Using NAT with Hyper-V on your workstation

I’ve been a supporter of VMware Workstation for years and still think it’s the best virtualization solution for the desktop. It’s the little things like not having to use Remote Desktop all the time to copy files to my virtual machines or the ability to use folders to organize my stuff (sounds trivial, but this is how that looks like).

Once in a while I feel the urge to play around with Hyper-V on my laptop but I never used it for more than a few days. One of the reasons being the lack of support for NAT. With Hyper-V you typically create two virtual switches: one for the wired connection and one for the wireless one. You then use these switches to connect your virtual machines to the internet. The problem with that is that I always have to change my VM to use the right switch, depending on the medium I’m working with at the moment.

Another problem is that those external virtual switches get their IP from the external DHCP server. If that happens to be a wireless connection that needs a password you see where that breaks down.

In VMware Workstation you’ve got a NAT service that works great. You connect your virtual machine to it and it then automatically finds out which network to use (wired or wireless) and shares your external IP to communicate with the outside world. Source-NAT for those who know what that means.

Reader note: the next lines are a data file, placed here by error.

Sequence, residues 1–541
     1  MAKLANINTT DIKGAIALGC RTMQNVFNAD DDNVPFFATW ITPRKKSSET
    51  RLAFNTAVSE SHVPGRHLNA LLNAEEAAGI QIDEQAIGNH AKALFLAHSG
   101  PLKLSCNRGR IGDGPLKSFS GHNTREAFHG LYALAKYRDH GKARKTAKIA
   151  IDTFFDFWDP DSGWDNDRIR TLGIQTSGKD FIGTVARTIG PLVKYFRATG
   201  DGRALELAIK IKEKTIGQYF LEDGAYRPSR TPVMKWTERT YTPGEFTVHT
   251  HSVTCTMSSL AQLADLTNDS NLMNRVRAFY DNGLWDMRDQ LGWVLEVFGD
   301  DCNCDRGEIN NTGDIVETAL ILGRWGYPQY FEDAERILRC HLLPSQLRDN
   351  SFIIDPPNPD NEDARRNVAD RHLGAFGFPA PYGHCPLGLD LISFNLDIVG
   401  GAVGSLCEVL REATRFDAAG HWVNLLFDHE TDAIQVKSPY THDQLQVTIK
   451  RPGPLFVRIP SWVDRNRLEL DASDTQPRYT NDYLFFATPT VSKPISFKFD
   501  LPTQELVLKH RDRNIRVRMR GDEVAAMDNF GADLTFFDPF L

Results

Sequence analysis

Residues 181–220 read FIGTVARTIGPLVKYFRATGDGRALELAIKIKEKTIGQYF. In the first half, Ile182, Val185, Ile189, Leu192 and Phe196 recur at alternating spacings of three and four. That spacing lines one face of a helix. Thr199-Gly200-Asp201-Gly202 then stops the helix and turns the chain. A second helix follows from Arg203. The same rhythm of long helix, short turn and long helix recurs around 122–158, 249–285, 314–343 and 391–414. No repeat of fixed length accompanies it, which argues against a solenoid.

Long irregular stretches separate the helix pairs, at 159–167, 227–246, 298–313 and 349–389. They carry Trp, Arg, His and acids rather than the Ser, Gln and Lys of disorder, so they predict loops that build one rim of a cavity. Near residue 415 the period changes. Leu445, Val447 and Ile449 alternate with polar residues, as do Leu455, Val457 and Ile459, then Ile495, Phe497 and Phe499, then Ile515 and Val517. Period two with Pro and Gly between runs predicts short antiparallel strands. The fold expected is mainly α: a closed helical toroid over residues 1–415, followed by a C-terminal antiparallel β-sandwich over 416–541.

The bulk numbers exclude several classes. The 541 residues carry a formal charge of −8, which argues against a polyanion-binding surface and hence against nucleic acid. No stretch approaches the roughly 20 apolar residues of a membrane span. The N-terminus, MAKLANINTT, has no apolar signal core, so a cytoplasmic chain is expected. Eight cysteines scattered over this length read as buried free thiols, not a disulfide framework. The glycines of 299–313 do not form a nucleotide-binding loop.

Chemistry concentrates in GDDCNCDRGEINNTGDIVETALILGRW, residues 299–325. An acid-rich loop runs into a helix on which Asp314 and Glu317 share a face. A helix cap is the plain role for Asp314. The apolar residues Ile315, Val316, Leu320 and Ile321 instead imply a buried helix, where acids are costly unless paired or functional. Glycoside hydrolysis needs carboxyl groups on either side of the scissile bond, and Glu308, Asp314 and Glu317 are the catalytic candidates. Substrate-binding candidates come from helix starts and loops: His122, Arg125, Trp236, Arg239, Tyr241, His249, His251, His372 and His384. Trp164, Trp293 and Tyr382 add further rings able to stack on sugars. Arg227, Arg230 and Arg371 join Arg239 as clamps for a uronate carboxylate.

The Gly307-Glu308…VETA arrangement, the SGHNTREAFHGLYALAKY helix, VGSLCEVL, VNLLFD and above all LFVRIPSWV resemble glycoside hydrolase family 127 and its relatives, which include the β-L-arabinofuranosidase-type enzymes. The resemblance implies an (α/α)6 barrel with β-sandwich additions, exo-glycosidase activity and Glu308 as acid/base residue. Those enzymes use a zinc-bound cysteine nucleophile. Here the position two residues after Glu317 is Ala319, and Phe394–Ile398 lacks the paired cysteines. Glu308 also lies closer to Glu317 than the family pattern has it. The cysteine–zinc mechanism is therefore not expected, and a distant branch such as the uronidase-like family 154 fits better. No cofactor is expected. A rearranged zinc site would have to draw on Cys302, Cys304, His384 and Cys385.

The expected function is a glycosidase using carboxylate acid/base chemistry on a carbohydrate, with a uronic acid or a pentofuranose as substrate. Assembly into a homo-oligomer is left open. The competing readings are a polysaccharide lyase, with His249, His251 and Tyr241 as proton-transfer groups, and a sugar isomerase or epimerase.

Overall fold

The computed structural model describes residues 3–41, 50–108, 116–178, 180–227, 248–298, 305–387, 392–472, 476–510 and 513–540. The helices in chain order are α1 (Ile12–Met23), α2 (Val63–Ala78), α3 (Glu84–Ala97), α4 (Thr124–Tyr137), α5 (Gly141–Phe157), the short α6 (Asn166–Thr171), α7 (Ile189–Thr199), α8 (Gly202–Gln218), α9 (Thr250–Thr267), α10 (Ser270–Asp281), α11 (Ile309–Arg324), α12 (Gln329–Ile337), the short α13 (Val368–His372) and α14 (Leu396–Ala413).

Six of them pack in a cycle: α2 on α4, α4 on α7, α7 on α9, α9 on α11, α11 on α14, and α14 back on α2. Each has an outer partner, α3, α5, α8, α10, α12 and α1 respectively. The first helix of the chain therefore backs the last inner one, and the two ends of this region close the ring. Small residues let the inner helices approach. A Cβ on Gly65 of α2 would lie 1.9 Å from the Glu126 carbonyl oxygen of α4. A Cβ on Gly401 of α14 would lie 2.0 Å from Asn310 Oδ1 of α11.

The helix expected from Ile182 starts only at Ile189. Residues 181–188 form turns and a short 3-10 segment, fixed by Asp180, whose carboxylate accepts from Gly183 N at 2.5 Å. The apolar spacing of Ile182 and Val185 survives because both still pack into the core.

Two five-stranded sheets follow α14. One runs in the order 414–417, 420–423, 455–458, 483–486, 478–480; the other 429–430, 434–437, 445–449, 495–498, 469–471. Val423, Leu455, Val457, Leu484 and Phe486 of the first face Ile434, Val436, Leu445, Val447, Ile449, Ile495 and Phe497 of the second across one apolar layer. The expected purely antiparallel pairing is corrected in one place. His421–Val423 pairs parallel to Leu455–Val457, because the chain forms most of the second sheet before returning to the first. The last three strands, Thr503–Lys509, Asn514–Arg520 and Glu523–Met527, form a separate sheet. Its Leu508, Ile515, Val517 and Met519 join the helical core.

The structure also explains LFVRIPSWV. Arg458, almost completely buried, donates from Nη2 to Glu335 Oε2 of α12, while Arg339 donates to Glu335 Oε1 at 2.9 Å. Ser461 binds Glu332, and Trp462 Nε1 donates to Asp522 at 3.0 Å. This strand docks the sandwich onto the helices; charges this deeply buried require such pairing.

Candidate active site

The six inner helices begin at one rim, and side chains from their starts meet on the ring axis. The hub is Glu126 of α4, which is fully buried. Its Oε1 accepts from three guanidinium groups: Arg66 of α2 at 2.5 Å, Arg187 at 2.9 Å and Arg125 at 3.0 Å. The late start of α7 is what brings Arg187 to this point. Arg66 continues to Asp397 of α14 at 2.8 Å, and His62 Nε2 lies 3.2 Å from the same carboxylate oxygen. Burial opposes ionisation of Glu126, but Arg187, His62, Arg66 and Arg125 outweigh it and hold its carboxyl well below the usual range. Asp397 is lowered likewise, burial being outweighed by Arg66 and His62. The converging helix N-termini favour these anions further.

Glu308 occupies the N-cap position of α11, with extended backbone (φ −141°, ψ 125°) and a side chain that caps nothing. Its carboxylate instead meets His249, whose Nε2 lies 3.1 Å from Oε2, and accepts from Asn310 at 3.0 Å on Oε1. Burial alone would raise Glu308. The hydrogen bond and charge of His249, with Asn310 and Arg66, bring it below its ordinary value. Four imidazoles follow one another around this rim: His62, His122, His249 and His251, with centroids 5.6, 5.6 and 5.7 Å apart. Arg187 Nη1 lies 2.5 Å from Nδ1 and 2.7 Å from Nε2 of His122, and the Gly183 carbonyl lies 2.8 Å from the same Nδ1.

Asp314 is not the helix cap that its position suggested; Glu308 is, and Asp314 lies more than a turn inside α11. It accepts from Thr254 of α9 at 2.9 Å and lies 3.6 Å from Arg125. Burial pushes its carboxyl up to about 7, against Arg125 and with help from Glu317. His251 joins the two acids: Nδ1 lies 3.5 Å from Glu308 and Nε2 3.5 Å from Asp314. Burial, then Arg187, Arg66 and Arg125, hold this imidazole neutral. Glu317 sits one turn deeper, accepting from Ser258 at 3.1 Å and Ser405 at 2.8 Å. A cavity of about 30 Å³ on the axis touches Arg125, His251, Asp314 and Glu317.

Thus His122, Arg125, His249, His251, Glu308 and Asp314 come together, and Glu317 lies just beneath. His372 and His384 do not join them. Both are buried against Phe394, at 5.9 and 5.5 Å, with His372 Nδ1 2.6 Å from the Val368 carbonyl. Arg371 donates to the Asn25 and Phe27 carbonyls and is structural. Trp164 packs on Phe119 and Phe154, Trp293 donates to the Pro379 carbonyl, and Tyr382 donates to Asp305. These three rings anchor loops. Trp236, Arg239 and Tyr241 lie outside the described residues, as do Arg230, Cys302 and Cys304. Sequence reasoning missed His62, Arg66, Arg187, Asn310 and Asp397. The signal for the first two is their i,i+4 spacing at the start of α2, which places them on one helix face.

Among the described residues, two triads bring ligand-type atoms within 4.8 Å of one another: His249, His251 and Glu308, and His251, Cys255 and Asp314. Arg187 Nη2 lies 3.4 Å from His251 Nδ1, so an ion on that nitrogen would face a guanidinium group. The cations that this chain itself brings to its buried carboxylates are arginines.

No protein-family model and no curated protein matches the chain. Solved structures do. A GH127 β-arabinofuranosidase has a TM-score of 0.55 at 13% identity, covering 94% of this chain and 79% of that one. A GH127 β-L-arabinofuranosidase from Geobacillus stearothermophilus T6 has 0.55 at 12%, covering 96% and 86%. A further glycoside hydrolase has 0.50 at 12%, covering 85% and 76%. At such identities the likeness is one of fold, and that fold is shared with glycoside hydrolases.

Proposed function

I’ve been searching for a way to mimic this behavior in Hyper-V but was unable to find a good solution. Until now that is. Granted, it’s still a bit messing around but it works. I’m pretty sure it’s not supported by Microsoft however :)

Step 1 – Install VMware Player

Go to the VMware website and download VMware Player. Install Player on your machine. If that doesn’t work because you already have Hyper-V installed, you have to boot your pc with Hyper-V disabled. Scott Hanselman recently published a nice blog on how to do that. If VMware Player is installed, you have these Windows services:

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Additionally, it installs the following virtual network connections on your host:

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VMnet8 is the network adapter connected to the NAT service. Reboot your pc to enable Hyper-V again.

 

Step 2 – Configure Hyper-V

In your virtual switch manager, create an external network switch and connect that to the VMnet8 network connection:

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That’s it. Connect a virtual machine to that network and you’ve got internet – whether you’re on a wired or a wireless connection. No more switching virtual networks anymore.

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Step 3 – Configure NAT & DHCP (Optional)

If you want to change the network range or any options, you can find the necessary configuration files in the following directory:

C:ProgramDataVMware

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Just edit vmnetdhcp.conf & vmnetnat.conf to suit your needs.

** Thanks to Steven Van de Craen & Oliver Wirkus for urging me to write this post